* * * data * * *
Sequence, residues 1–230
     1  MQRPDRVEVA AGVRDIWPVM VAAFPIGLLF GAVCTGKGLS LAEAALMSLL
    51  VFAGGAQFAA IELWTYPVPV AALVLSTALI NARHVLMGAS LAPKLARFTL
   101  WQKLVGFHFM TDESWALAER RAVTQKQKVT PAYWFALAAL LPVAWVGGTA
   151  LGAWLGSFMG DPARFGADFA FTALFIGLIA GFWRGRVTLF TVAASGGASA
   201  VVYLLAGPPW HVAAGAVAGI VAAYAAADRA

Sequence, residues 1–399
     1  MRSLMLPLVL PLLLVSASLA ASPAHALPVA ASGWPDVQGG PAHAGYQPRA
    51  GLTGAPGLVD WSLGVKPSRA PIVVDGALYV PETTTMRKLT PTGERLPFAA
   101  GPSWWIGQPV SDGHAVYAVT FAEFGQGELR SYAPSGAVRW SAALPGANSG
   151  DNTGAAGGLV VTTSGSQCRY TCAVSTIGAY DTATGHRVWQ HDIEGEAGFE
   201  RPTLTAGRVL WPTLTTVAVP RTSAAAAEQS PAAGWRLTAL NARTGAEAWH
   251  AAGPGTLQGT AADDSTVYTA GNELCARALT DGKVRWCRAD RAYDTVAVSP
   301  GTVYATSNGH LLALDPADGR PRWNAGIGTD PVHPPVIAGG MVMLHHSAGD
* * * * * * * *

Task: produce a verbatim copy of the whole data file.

Sequence, residues 1–230
     1  MQRPDRVEVA AGVRDIWPVM VAAFPIGLLF GAVCTGKGLS LAEAALMSLL
    51  VFAGGAQFAA IELWTYPVPV AALVLSTALI NARHVLMGAS LAPKLARFTL
   101  WQKLVGFHFM TDESWALAER RAVTQKQKVT PAYWFALAAL LPVAWVGGTA
   151  LGAWLGSFMG DPARFGADFA FTALFIGLIA GFWRGRVTLF TVAASGGASA
   201  VVYLLAGPPW HVAAGAVAGI VAAYAAADRA

Sequence, residues 1–399
     1  MRSLMLPLVL PLLLVSASLA ASPAHALPVA ASGWPDVQGG PAHAGYQPRA
    51  GLTGAPGLVD WSLGVKPSRA PIVVDGALYV PETTTMRKLT PTGERLPFAA
   101  GPSWWIGQPV SDGHAVYAVT FAEFGQGELR SYAPSGAVRW SAALPGANSG
   151  DNTGAAGGLV VTTSGSQCRY TCAVSTIGAY DTATGHRVWQ HDIEGEAGFE
   201  RPTLTAGRVL WPTLTTVAVP RTSAAAAEQS PAAGWRLTAL NARTGAEAWH
   251  AAGPGTLQGT AADDSTVYTA GNELCARALT DGKVRWCRAD RAYDTVAVSP
   301  GTVYATSNGH LLALDPADGR PRWNAGIGTD PVHPPVIAGG MVMLHHSAGD